On August 5th, 2015, a crew working for the Environmental Protection Agency in the disused mines above Silverton, Colorado made a mistake. Their mistake opened a mine full of toxic wastewater left over from decades of gold mining by a range of operations from small mining claims to large corporate-owned mine works. The Eureka Graben the mines near Silverton punch into contains rich veins of gold, silver and copper ores, but the local geology is naturally conducive to toxic leaching of metals into water through the porous mountain. This problem has been immeasurably worsened by mining and pulverized waste rock the water now flows through.
The massive torrent of toxic minewater from the EPA’s spill at the Gold King Mine roared down the Animas River, which flows from its headwaters near Silverton to the city of Farmington, New Mexico where it joins the San Juan River on its way to Lake Powell. The opaque orange-yellow waters made nationwide headlines. The EPA, exhibiting all the hamfisted bureaucratic ineptitude you would expect in government public relations, managed to make themselves look substantially less than caring in the first 24 hours after the accident while they figured out what had happened.
And then it got political.
Obviously, the EPA didn’t create the mine wastewater pollution that had backed up inside the Gold King Mine. The EPA crew was attempting to assess the mine in advance of trying to remediate what everyone knew was a serious and worsening problem. In the aftermath of the spill, the eccentric small-claim owner of the Gold King Mine bickered with the large Canadian gold mining corporation who worked nearby mines over whose works caused the buildup. The local government in Silverton and San Juan County, heavily beholden to mining interests but suddenly in the national spotlight as pollution from their community flowed through vastly larger populations, has been forced to reckon with the fact that this is a much bigger problem than one spill. After decades of intransigence, they have dropped their longstanding objections to–wait for it–full EPA intervention in the minewater pollution problem via a once-reviled “Superfund” designation.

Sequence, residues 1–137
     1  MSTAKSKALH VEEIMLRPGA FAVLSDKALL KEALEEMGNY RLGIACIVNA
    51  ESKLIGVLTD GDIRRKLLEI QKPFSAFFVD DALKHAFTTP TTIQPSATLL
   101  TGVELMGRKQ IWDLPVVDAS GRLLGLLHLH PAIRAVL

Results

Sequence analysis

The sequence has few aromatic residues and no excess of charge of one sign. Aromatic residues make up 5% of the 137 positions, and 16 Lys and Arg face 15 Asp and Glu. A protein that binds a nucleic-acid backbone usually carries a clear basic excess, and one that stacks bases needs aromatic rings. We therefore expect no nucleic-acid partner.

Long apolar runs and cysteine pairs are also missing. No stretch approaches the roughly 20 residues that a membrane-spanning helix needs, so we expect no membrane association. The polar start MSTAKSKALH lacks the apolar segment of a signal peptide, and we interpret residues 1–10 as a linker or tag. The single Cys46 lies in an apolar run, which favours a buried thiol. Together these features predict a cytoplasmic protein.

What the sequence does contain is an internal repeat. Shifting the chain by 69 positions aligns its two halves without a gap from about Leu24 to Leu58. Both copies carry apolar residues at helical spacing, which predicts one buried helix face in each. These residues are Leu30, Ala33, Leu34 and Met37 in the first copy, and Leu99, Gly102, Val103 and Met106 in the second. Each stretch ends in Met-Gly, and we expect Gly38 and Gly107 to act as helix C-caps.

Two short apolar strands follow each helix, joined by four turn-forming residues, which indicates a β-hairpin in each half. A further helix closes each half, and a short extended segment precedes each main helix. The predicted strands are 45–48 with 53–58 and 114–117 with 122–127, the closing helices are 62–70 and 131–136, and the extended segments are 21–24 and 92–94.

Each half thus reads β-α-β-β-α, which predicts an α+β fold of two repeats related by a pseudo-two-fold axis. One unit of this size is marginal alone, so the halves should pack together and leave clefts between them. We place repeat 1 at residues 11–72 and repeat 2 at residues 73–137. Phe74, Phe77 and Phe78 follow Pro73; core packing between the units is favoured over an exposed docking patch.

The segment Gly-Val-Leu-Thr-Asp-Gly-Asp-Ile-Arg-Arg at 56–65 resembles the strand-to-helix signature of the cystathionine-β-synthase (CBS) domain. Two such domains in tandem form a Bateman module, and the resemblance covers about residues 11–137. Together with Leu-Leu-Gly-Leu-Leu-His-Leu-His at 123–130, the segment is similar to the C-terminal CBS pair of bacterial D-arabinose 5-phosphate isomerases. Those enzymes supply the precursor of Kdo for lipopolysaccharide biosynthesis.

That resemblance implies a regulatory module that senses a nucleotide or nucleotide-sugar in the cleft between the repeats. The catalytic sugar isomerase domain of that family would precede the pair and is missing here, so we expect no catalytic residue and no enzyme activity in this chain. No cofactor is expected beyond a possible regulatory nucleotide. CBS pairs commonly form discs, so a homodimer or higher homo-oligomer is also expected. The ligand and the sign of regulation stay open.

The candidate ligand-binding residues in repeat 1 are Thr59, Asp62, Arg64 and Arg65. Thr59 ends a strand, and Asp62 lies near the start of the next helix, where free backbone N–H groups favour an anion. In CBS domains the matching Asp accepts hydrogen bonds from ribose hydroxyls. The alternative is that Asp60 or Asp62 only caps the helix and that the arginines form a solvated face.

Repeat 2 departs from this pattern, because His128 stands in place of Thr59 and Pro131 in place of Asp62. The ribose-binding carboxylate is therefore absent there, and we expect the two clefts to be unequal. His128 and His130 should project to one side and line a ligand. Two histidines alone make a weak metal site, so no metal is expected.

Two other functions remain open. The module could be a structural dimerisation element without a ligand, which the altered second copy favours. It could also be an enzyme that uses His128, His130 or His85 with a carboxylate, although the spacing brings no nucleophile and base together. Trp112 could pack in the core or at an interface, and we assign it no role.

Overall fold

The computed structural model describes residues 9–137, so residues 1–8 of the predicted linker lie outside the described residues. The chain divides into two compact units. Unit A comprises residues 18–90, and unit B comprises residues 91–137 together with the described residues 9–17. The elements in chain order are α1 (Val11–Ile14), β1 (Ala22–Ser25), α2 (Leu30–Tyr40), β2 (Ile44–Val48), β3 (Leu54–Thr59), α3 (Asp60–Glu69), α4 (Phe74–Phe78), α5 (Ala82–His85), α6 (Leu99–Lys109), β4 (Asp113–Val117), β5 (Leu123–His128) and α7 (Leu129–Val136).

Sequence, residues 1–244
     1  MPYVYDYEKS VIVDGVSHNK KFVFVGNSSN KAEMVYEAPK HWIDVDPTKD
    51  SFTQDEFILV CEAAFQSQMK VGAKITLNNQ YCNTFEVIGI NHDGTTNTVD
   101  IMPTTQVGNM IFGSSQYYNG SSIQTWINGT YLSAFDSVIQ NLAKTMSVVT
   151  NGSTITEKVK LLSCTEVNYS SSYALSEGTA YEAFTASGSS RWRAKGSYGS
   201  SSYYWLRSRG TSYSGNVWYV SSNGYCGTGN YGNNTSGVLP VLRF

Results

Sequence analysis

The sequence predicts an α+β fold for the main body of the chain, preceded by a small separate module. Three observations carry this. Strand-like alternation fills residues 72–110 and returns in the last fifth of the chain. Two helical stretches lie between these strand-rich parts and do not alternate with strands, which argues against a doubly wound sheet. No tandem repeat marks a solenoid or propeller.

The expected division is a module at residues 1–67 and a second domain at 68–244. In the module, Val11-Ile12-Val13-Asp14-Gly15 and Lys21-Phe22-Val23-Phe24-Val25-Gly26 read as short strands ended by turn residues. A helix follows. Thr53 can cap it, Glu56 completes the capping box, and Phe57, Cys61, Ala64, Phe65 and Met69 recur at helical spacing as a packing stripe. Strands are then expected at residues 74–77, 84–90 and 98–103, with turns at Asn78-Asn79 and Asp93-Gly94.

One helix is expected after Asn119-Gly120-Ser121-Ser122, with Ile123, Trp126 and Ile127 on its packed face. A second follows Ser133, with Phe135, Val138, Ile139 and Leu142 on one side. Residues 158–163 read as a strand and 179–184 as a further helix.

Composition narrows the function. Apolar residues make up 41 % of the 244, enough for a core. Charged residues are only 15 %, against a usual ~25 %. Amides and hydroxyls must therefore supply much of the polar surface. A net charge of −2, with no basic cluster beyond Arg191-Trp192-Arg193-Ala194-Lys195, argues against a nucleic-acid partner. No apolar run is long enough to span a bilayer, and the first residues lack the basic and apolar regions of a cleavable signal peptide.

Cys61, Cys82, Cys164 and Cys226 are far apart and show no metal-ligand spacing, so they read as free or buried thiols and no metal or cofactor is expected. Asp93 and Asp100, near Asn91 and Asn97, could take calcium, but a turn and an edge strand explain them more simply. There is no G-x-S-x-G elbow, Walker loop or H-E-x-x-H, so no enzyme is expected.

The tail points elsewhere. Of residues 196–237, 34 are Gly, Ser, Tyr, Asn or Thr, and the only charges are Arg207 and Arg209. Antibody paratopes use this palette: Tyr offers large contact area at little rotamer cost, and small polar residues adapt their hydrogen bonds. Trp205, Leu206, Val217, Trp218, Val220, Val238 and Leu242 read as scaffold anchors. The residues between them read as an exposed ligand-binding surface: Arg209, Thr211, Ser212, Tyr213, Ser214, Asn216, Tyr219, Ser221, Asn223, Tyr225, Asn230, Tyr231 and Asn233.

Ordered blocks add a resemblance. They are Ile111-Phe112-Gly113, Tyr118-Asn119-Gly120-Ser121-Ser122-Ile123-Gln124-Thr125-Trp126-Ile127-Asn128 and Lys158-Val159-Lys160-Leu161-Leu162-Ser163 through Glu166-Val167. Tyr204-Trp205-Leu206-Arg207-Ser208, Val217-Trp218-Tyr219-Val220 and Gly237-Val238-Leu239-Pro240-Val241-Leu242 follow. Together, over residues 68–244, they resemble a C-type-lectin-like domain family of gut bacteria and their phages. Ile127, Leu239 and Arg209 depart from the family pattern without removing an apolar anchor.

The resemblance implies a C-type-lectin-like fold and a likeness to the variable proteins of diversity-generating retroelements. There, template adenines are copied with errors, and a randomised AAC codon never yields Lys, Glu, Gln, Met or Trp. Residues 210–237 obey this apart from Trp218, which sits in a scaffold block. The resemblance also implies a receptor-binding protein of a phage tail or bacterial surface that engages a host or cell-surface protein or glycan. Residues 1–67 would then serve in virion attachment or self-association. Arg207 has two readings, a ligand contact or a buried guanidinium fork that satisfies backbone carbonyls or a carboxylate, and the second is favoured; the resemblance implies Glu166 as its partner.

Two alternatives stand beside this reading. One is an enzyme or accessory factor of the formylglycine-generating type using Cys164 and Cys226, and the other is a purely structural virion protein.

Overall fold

While the EPA gets ready to do what it has been trying to do for years, that is bring the resources needed to remediate this huge problem to bear, the Animas River spill has been used as a political voodoo doll by Republican politicians eager to snipe at the agency for a range of totally unrelated pet peeves–from climate change to fracking to offshore drilling and everything in between. This accidental spill of minewater for which the EPA has accepted responsibility from the beginning has been used as a talking point on subjects that have nothing whatsoever to do with the incident or the issue of minewater pollution at all. Instead of representing the best interests of a large city like Durango, the area’s GOP Rep. Scott Tipton took potshots at the EPA and opposed Superfund designation even as locals were moving toward it.
Before the political circus subsided, Utah legislators were openly suggesting some kind of crackpot conspiracy, and Ben Carson held a completely superfluous campaign event in Durango with the Animas River as his backdrop. Republican demands that the EPA be “held to the same standard as private companies” ignored the plain reality that the EPA was cleaning up after private companies. Later, when another comparatively tiny mine wastewater remediation incident occurred in another part of the state, Denver media made asses of themselves trying to sensationalize it over the outrage of locals.
The net effect of all of this is a bizarre duality in which the EPA is finally getting to consensus on what is needed to deal with this longstanding and very serious problem of minewater pollution above Silverton, and is at the same time being demonized politically by Republican politicians for even being on the scene. Nobody is excusing the EPA of responsibility for the spill itself, but you have to feel a least a little sympathetic about all the silly and tangential ways it’s been used against them.
With toxic minewater polluting thousands of waterways across the West, we need the grownups to win the argument.